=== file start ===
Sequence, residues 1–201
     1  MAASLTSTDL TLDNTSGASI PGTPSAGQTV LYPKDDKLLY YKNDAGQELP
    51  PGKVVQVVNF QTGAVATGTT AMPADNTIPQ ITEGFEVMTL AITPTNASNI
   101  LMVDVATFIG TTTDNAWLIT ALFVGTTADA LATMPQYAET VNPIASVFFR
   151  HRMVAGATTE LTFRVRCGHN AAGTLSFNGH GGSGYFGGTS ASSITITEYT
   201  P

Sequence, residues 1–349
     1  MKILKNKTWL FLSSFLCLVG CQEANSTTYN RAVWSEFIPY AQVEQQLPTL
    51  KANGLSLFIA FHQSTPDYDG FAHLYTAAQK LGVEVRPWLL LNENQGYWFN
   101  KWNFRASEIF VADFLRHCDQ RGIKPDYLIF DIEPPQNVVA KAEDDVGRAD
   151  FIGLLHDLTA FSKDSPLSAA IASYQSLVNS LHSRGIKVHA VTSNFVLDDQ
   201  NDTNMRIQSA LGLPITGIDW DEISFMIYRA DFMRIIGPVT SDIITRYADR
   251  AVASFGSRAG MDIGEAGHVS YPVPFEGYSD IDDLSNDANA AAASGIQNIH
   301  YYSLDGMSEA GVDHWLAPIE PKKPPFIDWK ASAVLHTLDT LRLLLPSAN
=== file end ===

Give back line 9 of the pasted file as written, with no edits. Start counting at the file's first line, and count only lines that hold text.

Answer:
    51  KANGLSLFIA FHQSTPDYDG FAHLYTAAQK LGVEVRPWLL LNENQGYWFN